Archive - Mar 2012 - SCA Article

Archive - Mar 2012 - SCA Article

March 29th

Seeing Fabrice Smile is the Best News of the Day

The family of Bolton's Fabrice Muamba posted a picture of him on Twitter from his hospital room.

It is the first public photo of Muamba since he suffered a cardiac arrest in the FA Cup tie against Tottenham at White Hart Lane on 17 March.

The 23-year-old collapsed on the pitch after 41 minutes of play and was "dead" for 78 minutes.

He was given mouth-to-mouth resuscitation and 15 defibrillator shocks before he reached hospital.

March 25th

Underweight Patients Face Increased RIsks During ICD Therapy

First large-scale study to compare outcomes based on body size finds being small, rather than large, confers greatest risk

CHICAGO -- Patients who are underweight or small in stature are twice as likely to experience complications or die during insertion of an implantable cardioverter-defibrillator (ICD) compared to obese and normal-weight patients, according to research presented today at the American College of Cardiology's 61st Annual Scientific Session. The Scientific Session, the premier cardiovascular medical meeting, brings cardiovascular professionals together to further advances in the field.

ICDs are small, battery-powered devices implanted in the chests of people at risk for sudden cardiac arrest. More than 100,000 ICDs are implanted in the U.S. each year.

FIFA to Study SCA Cases in Soccer

Following Bolton Wanderers midfielder Fabrice Muamba’s cardiac arrest, the subject of heart screening in football has once again become a focus for discussion. It is an issue that no-one in football, at any level of the game, can afford to take lightly and FIFA are doing everything they can to ensure that the screen of players is the best it can be.

Muamba is still at the London Chest Hospital, 12 days after he collapsed during the first half of an FA Cup match against Tottenham Hotspur at White Hart Lane. Thankfully he is making progress in his recovery.

Professor Jiri Dvorak, FIFA’s Chief Medical Officer and Chairman of the FIFA Medical and Research Centre has said that world football’s governing body will be studying cardiac arrest cases in football players to learn what causes sudden collapses like Muamba’s. The project will be put forward at a special conference in May.

FIFA to Study SCA Cases in Soccer

ZURICH—FIFA will be studying cardiac arrest cases involving soccer players to learn what caused Bolton's Fabrice Muamba to collapse during a match.

FIFA's chief medical officer said the project will be put forward at FIFA's medical conference on May 23-24 in Budapest, Hungary.

"We have invited all national-team doctors to establish a worldwide database for cases of sudden cardiac arrest," Dvorak told The Associated Press by telephone. "This will lead to analysis of the risk factors."

Muamba's condition is serious but stable in a London hospital, nine days after he collapsed during the first half of an FA Cup match at Tottenham's White Hart Lane stadium.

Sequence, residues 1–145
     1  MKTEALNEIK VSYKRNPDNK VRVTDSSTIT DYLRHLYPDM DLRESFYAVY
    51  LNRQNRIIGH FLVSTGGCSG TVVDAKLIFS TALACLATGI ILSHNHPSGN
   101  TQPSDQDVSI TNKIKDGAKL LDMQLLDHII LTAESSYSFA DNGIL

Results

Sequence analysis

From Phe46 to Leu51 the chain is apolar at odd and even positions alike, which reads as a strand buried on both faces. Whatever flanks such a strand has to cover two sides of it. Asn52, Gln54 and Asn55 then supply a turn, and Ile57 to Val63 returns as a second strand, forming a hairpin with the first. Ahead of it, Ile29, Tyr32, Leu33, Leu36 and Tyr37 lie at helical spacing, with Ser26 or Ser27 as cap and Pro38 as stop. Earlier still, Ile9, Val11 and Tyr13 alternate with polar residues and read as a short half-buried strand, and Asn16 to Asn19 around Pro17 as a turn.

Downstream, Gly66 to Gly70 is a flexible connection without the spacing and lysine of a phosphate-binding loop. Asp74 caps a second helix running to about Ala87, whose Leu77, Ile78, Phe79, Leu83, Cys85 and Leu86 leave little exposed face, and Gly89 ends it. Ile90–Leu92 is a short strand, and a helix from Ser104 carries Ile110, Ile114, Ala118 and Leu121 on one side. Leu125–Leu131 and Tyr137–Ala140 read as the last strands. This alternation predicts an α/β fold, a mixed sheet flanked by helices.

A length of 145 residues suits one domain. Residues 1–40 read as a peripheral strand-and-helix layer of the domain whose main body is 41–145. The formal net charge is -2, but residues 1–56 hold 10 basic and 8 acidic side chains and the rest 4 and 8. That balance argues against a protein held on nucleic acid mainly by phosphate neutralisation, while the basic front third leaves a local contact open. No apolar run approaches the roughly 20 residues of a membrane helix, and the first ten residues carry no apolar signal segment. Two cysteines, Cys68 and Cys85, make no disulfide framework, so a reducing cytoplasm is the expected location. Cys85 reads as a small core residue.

Muamba's recovery has been followed across the world, but Dvorak hopes FIFA's new project will provide medical researchers with important information about lower-profile cases.

March 24th

Cardiac Pre-Participation Screening Too Restrictive for Black Athletes

CHICAGO — Many athletes undergo cardiac screening to detect possible heart conditions before being allowed to participate in student or professional sports. Current European screening guidelines, which are based on data from white athletes, can lead to the over-investigation and potential false disqualification of healthy athletes of African or Afro-Caribbean descent, according to research presented today at the American College of Cardiology’s 61st Annual Scientific Session. The Scientific Session, the premier cardiovascular medical meeting, brings cardiovascular professionals together to further advances in the field.

Widespread CPR Training Saves Lives

CHICAGO--A nationwide effort in Denmark to increase the number of people trained in CPR led to an increase in bystander CPR and ultimately contributed to increased cardiac arrest survival rates in that country, according to research presented today at the American College of Cardiology’s 61st Annual Scientific Session. The Scientific Session, the premier cardiovascular medical meeting, brings cardiovascular professionals together to further advances in the field.

March 21st

Bringing Fabrice Muamba Back to Life

The UK Bolton Wanderers team doctor Jonathan Tobin revealed on Wednesday that doctors tried unsuccessfully to revive Muamba for 48 minutes before he arrived at the London Chest Hospital. It took another 30 minutes before the 23-year-old Muamba’s heart started beating again after 15 shocks.

“In effect, he was dead in that time,” Dr. Tobin said.

Dr. Andrew Deaner, a Tottenham-supporting cardiologist, leapt from his seat in the crowd Saturday and rushed on to the field to help Muamba.

“If you’re going to use the term miraculous, I guess it could be used here,” he said.

On Monday, Muamba started breathing independently again and communicating in intensive care.

“I’m glad to say that the early signs of recovery have continued,” Tobin said. “I went to see Fabrice last night. I went in and he said ‘Hi doc.’ I asked him how he was and he said ‘Fine.’”

March 19th

UK Soccer Player Survives Sudden Death, Shows Signs of Improvement

Teammates and Opponents Request Heart Screens 

March 16th

Resuscitation Skills Among Doctors and Nurses Fade Quickly If Unused

 

March 13th

Looking for a Job? Learn CPR

Looking for a job? Learn CPR.

According to a recent analysis of 650 million online job advertisements in the media, staffing, government and corporate HR sectors, the top 10 certifications employers are currently demanding include:

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